New Build Heat Standard 2024: business and regulatory impact assessment

Business and regulatory impact assessment (BRIA) in consideration of the introduction of the New Build Heat Standard (NBHS). Looking in detail at the economic impacts of moving to Zero Direct Emissions heating systems in all new buildings.

15. Implementation and Delivery Plan

155. Scotland's Programme for Government 2019-20 initially made stakeholders aware of our intention to introduce these new regulations.[128] This was reinforced within the Programme for Government 2020-21,[129] which announced our intention to launch a scoping consultation in 2020 on standards for new buildings, which would require them to use ZDEH from 2024 onwards. Two public consultations have since concluded and, during both, a series of public workshops were held to seek further input from impacted stakeholders.

156. Outwith these formal consultations, discussions with developers and other key stakeholders have been ongoing, to ensure that all relevant stakeholders are aware that regulations will be introduced and have had an opportunity to provide feedback during the development phase.

157. Our external working group have continued to meet to provide crucial insight into the development of these regulations and have been kept informed of developments throughout 2020-2023.

158. With regard to the implementation of this Standard, this will be achieved through changes to Scottish building regulations. We propose that legislation for the NBHS will be laid nine to twelve months in advance of the 1 April 2024 in-force date.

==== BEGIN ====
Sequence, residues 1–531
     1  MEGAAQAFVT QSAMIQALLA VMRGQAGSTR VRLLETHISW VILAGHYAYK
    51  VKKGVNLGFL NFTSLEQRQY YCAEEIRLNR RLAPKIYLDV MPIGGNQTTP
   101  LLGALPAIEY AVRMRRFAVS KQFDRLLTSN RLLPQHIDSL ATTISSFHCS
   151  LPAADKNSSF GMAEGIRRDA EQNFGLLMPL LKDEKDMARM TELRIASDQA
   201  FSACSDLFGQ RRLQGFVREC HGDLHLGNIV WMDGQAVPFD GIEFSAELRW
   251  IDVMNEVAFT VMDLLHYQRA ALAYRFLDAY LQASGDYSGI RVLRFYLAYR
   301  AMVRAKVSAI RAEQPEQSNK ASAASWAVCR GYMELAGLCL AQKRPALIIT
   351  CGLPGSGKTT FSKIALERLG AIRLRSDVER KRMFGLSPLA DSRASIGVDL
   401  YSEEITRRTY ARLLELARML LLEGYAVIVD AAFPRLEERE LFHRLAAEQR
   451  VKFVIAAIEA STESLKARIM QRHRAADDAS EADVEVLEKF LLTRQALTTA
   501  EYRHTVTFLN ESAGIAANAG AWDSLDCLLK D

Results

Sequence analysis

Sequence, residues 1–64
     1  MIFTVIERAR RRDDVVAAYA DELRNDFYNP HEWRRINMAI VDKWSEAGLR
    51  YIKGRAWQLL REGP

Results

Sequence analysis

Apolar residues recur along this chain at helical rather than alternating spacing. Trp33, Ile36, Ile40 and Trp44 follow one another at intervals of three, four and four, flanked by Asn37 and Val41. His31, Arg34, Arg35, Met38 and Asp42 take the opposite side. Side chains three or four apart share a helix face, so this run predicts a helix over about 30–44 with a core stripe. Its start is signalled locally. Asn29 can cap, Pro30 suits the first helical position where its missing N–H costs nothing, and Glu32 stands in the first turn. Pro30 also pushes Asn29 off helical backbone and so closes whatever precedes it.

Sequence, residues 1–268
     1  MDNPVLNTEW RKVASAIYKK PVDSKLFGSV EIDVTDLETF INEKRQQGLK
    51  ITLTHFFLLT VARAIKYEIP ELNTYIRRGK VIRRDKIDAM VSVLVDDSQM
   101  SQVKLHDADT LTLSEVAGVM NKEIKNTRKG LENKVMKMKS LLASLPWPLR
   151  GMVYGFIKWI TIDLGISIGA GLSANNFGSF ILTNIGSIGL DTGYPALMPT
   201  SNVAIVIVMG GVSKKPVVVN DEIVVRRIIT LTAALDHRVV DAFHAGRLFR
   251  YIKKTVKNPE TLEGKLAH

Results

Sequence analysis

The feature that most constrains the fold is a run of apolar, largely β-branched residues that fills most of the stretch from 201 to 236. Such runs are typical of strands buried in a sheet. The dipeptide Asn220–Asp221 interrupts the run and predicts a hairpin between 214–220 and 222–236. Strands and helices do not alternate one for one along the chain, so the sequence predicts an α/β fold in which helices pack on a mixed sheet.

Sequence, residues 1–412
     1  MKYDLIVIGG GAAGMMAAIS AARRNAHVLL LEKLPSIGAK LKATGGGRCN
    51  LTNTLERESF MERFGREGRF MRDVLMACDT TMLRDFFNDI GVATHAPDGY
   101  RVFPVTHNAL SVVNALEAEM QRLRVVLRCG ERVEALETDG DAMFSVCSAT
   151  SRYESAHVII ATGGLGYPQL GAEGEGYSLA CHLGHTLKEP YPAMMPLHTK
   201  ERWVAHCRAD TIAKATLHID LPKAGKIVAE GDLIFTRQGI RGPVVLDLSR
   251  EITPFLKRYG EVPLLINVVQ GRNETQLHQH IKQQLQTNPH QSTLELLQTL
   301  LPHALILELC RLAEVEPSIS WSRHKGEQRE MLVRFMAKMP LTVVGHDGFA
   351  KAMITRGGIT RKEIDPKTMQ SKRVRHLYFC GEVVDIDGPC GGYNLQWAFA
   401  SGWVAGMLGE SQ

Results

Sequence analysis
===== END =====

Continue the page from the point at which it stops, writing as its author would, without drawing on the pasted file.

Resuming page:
159. With input from the NBHS external working group, it is the Scottish Government's intention to publish revised guidance within relevant Technical Handbooks in late 2023. This will ensure that designers, contractors, and verifiers will have at least seven months to familiarise themselves with the changes in advance of the 1 April 2024 in-force date.

160. Following engagement with Local Authority Building Standards Scotland (LABSS), a potential risk identified to the successful implementation of this policy would be a large influx of building warrant applications prior to 1 April 2024. Historically, this has resulted in an increased workload for local authorities – however, this has also resulted in increased income for local authorities through the fees associated with building warrant applications.



Back to top